Frankly, that's the whole point of the Nh stuff, so you don't have to worry about "getting the fresh out" because the horse won't be uppity, he'll be in the right mind set because of the nh stuff.
But to each their own.
That said,...the problem I see is that you're not putting the release of pressure at the right place and I suspect you might be chasing after the hip which causes the horse to stop and turn to face you.
1) point to your left and cluck/kiss and put pressure on the horse's left shoulder to go to your left. Soon as it turns to your left and the horse is ready to be driven forward, simply look at the hip (don't go after the hip) and put pressure on the hip to go forward.
2) the horse goes forward around you in a circle, and you put the whip to point at the ground, don't hold it up. Every single time the horse stops and turns to face you, look at the same shoulder as before and tell it to move away and set the horse up so then you can drive the hip forward again....repeat repeat repeat. If you stop when the horse stops and turns and faces you, you're giving the horse the wrong message, you're giving him a release of pressure at the wrong time.
You've got to be consistent if you want the horse to understand how you lunge and that means, every time he turns and faces, you tell the SHOULDER to move away, don't go after the hip. So, you should be able to stay relatively in one spot in the arena and send the horse around you....without "chasing" his hip to go forward. If you "chase" the hip, you will cause the horse to stop and turn into you.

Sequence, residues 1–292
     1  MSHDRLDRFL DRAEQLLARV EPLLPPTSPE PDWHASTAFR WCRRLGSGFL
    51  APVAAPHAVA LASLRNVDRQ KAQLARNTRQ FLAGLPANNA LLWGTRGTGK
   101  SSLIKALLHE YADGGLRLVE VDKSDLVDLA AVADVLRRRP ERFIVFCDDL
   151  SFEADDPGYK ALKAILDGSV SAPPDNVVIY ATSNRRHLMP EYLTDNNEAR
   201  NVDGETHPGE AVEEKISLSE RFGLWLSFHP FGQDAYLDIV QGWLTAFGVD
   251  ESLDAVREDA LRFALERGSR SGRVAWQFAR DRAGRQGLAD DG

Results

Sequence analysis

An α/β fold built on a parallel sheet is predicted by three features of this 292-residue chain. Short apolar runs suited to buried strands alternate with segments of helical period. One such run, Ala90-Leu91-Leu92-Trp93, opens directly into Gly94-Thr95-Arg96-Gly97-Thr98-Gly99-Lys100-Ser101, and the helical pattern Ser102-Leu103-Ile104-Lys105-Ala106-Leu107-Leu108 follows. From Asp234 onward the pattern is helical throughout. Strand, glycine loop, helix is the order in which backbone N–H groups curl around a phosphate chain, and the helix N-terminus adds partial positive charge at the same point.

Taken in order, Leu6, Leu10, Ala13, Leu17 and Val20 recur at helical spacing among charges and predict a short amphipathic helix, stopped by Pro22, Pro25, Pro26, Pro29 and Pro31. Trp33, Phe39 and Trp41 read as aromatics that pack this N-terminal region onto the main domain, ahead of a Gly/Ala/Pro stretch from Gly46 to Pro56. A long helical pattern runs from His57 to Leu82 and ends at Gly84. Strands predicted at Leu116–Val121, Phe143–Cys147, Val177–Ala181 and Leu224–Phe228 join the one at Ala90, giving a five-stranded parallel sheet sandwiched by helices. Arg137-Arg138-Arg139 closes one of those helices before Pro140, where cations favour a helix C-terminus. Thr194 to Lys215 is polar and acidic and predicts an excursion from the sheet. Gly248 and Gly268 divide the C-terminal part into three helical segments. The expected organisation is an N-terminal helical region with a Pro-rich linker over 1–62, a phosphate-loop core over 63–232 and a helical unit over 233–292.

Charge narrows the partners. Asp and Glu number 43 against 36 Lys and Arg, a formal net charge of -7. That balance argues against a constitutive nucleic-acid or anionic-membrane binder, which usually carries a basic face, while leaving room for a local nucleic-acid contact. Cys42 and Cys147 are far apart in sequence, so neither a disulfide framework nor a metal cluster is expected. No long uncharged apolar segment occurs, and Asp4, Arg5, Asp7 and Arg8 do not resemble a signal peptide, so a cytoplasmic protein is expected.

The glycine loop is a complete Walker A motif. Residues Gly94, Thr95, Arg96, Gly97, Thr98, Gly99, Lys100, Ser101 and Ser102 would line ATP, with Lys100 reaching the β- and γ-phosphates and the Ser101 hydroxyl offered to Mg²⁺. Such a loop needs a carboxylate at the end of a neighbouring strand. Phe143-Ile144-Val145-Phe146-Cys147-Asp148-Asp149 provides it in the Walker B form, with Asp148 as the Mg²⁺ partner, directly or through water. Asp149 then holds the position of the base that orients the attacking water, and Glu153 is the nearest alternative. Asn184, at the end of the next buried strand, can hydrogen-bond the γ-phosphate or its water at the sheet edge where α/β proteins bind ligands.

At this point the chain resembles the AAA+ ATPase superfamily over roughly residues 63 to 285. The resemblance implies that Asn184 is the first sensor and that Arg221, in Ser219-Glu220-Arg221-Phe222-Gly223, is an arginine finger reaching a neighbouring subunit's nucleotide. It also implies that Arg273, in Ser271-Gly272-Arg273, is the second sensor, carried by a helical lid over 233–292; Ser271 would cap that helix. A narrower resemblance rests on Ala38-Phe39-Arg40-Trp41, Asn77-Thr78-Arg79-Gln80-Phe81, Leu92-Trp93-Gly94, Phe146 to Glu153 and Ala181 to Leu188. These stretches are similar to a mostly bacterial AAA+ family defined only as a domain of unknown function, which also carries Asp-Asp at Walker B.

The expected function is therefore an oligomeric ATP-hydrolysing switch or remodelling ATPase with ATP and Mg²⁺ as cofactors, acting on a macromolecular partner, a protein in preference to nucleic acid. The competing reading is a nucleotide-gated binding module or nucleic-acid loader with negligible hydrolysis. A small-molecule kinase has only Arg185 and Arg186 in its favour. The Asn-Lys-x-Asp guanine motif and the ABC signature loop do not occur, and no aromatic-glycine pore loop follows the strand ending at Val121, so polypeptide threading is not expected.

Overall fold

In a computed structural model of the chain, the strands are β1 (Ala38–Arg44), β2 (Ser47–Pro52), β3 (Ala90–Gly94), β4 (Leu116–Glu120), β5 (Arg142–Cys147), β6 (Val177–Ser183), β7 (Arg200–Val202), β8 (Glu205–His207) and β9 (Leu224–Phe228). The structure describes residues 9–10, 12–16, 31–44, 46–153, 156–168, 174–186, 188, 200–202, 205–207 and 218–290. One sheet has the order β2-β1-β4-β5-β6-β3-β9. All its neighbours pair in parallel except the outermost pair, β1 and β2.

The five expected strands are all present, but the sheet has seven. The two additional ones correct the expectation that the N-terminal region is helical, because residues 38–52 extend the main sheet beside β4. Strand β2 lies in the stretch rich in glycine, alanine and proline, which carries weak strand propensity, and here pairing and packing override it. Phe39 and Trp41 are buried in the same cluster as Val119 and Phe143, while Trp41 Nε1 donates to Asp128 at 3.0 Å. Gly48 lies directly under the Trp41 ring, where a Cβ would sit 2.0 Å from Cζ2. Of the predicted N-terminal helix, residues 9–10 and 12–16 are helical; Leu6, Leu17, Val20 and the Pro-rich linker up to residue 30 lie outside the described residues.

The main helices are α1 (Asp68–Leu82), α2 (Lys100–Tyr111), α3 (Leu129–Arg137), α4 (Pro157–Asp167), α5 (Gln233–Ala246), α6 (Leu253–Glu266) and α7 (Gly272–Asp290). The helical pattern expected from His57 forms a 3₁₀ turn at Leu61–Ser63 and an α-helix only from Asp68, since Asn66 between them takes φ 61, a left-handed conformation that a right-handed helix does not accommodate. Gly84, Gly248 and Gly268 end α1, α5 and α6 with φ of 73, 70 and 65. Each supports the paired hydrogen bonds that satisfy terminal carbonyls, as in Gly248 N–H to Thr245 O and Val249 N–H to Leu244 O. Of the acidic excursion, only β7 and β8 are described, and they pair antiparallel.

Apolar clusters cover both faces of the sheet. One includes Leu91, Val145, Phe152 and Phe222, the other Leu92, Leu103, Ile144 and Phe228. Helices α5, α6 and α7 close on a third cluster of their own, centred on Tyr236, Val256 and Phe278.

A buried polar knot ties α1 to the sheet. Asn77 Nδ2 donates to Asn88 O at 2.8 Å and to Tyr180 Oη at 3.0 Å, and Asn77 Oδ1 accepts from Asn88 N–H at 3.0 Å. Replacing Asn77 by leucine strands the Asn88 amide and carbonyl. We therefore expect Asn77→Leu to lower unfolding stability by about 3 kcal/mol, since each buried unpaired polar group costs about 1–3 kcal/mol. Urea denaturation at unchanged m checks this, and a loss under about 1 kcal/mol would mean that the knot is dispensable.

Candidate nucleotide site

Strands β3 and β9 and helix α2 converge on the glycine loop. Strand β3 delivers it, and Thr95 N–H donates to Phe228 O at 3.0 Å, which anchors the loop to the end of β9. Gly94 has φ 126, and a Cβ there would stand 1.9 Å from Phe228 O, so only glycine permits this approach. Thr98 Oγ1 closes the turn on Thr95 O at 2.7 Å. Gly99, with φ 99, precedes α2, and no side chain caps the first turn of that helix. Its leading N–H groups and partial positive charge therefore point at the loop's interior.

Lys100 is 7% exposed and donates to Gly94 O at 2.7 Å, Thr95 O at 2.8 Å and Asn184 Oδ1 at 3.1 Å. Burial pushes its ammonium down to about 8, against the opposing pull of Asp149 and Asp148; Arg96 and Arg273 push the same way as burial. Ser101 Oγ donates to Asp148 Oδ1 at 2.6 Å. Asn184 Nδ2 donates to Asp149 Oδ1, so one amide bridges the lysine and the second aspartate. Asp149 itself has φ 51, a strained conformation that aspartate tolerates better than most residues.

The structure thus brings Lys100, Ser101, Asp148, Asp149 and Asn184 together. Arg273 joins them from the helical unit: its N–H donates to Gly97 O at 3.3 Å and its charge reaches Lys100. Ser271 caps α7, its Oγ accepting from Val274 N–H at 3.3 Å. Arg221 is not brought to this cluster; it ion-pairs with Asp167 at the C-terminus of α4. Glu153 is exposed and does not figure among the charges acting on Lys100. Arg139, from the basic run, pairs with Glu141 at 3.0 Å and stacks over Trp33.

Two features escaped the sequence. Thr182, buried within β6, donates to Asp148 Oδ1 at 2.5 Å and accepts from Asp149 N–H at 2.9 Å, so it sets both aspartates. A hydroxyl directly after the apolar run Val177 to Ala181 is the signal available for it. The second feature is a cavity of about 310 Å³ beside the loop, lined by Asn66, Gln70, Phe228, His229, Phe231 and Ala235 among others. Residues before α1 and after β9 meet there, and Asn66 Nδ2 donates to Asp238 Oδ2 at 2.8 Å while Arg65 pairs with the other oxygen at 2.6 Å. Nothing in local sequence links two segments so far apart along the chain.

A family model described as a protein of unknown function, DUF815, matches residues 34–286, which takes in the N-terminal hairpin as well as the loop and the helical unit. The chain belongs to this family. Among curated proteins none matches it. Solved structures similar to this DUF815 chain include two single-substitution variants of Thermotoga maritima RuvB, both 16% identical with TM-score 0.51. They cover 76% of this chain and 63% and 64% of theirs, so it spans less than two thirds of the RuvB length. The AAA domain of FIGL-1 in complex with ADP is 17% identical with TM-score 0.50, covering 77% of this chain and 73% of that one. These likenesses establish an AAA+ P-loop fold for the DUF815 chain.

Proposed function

If he backs up, follow along (don't play tug of war) and continue to pressure the SHOULDER to move away to then get the horse facing to your left (or your right, whichever direction you're choosing him to go)....soon as he does, stop the pressure for a moment, then put pressure on his hip to drive it forward.
It's got nothing to do with his being trained Parelli or not. Parelli has a step that sends the horse over obstacles without the person doing much movement which is like regular lunging. The real problem is where you are putting the release of pressure.....
Put it where you want it and the horse will understand.
Don't chase the hip.
Start with the shoulder.
Move the shoulder. Then drive the hip. If you're consistent, your horse will understand that the pressure goes away if he doesn't keep turning in toward you or if he doesn't back up. If you wiggle the whip at him and he backs up, then keep wiggling the whip and get to tap the SHOULDER if needed to let the horse know you are not telling him to back up. there's pressure if he backs up = he'll soon understand that backing isn't where there's a release of pressure.
The more consistent you can be, the easier it will be for the horse to comply with how you do things.